2 Peter 2: 1-3 But false prophets also arose among the people, just as there will be false teachers among you, who will secretly bring in destructive heresies, even denying the Master who bought them, bringing upon themselves swift destruction.  And many will follow their licentiousness, and because of them the way of truth will be reviled.  And in their greed they will exploit you with false words; from of old their condemnation has not bee idle and their destruction has not been asleep.”

Jesus Enters Jerusalem

Jesus Enters Jerusalem

Wednesday:  Matthew 7:  21-29

Study Question:  In Catholic Tradition, what is sanctifying grace?

Meditation:  Am I ready to carry my small sharing in the Cross of Jesus?

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“Judge not, that you be not Judged.” Matthew 7:1

Today is the last Friday of the 40 days of Lent.  Are you preparing yourself for the holiest week of the year?  I suggest that everyone spend an hour this coming week in front of the Blessed Sacrament in preparation for the Triduum.  What a wonderful heavenly climate to realize that Jesus is God.  As you “fix your eyes” on the eucharistic Jesus (Heb. 3: 1) let Him fill you with “eucharistic amazement.”  (Ecclesia de Eucharistia, Pope John Paul II, 6.  Let’s make Holy Week a priority!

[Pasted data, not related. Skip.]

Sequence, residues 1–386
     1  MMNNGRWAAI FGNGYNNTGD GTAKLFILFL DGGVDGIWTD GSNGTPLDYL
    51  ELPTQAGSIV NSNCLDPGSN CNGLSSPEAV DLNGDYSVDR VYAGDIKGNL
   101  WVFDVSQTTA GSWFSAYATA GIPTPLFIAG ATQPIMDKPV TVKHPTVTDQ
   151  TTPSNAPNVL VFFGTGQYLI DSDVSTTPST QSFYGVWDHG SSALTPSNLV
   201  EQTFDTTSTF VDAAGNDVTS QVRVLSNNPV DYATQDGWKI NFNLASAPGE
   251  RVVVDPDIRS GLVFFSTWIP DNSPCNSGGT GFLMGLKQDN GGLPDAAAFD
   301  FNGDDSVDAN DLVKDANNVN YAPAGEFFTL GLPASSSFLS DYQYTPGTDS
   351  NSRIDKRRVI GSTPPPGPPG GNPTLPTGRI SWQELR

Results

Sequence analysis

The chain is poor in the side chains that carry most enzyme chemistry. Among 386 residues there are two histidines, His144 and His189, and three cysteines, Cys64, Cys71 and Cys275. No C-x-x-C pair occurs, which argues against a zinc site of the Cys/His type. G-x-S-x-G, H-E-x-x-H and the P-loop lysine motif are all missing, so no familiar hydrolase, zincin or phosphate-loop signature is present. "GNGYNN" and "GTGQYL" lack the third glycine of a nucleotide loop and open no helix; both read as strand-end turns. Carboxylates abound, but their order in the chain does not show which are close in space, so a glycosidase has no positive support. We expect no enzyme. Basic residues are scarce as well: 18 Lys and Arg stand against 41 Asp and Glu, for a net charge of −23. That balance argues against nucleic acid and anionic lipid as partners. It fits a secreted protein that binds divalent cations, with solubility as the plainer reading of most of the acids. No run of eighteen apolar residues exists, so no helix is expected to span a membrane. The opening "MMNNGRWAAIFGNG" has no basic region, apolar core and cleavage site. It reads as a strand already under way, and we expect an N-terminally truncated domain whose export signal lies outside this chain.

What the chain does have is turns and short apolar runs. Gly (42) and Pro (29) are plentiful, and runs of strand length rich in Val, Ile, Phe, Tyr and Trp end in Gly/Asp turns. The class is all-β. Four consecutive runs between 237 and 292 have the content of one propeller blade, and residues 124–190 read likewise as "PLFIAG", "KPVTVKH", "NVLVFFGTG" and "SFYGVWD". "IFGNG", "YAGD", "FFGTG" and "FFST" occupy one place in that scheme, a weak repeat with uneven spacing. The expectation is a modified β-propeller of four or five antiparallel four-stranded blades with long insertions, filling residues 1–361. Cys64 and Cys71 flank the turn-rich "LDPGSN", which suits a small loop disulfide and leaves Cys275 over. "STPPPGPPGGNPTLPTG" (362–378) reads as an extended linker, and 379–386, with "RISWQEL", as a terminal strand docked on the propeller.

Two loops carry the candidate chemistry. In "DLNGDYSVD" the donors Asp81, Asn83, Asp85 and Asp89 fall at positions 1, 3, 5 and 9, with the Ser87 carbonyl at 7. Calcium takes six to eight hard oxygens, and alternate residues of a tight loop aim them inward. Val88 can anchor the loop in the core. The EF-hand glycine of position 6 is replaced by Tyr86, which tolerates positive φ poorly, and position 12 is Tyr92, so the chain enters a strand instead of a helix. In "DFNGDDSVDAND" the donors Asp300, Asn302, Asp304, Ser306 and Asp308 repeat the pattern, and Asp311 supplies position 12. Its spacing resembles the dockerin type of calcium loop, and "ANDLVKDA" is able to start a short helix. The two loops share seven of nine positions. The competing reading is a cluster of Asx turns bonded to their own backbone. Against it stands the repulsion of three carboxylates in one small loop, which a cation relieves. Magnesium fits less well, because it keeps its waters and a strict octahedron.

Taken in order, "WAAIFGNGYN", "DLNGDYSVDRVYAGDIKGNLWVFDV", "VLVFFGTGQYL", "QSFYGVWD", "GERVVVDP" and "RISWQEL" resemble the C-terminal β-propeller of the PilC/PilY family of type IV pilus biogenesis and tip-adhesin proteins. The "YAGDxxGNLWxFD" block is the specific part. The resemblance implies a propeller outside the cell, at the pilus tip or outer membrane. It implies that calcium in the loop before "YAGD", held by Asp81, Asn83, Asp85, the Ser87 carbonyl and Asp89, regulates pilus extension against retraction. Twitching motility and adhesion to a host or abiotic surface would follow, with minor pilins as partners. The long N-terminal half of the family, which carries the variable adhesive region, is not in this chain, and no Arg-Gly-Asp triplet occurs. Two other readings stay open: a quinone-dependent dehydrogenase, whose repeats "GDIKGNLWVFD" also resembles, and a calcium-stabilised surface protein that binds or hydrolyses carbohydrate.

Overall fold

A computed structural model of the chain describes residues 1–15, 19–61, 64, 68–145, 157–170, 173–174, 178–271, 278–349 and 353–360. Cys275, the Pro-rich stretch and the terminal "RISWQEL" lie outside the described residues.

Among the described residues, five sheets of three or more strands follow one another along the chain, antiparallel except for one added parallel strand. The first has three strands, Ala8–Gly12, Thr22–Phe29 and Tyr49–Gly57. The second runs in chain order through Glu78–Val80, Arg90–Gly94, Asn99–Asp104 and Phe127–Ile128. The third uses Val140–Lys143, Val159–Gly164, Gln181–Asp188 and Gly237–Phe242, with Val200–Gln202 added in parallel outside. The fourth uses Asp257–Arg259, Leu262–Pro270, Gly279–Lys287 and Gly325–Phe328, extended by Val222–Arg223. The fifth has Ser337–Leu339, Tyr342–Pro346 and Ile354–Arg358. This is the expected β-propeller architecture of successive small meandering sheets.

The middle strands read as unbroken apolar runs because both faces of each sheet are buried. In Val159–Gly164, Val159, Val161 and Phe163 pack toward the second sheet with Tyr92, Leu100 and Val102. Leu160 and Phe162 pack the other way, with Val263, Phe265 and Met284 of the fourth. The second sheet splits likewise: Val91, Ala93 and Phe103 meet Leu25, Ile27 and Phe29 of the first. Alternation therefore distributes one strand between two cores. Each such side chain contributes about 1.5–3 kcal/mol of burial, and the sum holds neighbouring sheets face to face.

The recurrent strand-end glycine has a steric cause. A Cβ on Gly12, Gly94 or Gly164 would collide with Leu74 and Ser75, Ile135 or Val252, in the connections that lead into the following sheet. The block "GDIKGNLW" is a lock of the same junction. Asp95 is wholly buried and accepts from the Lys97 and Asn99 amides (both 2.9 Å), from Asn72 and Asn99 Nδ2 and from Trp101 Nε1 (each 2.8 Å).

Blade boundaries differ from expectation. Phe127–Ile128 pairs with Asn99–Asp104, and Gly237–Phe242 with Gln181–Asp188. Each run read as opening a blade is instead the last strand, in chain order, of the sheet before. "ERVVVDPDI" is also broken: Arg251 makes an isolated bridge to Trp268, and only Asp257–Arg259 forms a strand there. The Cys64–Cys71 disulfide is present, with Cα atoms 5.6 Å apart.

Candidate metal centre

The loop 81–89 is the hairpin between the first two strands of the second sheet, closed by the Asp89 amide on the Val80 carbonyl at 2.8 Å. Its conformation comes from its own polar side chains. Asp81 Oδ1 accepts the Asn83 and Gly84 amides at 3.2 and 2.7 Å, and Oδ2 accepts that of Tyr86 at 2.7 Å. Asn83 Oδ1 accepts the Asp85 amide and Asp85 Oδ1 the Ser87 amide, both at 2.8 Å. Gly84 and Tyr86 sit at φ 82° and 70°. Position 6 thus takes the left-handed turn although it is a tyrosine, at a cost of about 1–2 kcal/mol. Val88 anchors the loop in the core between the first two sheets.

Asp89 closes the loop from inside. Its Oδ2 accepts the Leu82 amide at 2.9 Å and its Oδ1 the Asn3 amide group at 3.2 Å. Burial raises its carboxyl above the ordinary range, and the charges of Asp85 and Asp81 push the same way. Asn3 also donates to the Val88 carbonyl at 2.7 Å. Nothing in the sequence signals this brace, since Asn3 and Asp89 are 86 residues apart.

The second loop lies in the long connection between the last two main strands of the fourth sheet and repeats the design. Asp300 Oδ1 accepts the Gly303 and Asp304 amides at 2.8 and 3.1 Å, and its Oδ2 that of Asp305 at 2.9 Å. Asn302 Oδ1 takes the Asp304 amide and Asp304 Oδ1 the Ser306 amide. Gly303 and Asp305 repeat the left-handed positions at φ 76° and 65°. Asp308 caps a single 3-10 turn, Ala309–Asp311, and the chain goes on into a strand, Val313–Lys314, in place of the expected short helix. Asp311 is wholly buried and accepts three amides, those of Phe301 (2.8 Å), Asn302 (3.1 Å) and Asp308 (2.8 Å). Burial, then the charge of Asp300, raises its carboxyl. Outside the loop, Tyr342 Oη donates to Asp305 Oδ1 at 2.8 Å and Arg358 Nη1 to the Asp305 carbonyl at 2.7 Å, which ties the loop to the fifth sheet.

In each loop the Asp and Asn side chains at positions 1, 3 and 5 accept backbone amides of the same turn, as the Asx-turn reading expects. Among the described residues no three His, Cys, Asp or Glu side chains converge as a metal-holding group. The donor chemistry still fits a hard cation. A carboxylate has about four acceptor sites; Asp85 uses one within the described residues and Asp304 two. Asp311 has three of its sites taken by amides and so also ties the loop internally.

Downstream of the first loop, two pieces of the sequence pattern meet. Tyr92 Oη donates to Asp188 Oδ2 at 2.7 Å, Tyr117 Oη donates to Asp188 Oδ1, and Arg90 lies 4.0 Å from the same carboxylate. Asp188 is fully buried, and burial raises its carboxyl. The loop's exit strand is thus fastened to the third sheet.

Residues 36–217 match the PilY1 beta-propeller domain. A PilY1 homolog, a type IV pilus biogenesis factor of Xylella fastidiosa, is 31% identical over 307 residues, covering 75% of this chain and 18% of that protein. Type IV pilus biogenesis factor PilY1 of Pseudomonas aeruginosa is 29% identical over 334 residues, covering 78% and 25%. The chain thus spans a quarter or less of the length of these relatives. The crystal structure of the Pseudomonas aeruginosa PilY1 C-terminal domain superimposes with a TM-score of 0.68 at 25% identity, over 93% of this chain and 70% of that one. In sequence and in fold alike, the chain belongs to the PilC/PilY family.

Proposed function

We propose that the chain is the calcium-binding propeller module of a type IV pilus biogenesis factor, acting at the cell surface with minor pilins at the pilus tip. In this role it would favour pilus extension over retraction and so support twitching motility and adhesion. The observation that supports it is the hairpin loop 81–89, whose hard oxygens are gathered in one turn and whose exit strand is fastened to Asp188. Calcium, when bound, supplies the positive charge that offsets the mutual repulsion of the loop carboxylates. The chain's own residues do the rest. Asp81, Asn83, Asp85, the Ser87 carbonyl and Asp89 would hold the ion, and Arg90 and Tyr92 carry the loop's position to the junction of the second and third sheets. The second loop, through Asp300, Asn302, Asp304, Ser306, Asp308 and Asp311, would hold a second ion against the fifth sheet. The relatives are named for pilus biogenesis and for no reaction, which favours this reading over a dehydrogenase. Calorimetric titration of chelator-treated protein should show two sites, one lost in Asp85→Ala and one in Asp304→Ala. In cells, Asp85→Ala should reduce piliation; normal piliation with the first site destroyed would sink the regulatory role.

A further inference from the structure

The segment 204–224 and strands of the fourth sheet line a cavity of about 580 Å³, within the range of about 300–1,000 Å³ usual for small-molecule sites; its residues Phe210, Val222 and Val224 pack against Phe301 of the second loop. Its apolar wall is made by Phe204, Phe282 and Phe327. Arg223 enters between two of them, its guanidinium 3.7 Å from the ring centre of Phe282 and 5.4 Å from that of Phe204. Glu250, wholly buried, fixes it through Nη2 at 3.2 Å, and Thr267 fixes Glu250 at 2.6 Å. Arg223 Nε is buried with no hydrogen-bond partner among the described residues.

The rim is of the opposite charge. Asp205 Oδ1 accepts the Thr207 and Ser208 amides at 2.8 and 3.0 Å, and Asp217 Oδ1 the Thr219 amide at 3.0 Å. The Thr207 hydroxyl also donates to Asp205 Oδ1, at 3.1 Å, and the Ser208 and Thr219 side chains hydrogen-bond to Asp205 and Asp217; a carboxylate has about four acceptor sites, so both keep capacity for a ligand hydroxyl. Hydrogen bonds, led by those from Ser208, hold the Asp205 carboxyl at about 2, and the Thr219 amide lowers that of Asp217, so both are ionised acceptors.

Judging Others

Matthew 7: 1-6

Jesus’ teaching on judgment has two sides.  1) He condemns judging others’ faults.  (7: 1-2)  We can’t judge others with fairness and accuracy because we can’t see another’s heart like God can.  He alone know the heart.  2) However, Jesus commands us to exercise critical discernment (7: 6, 15-19.)  Otherwise, we might profane what is holy (7: 6) or embrace what is false. (7:15)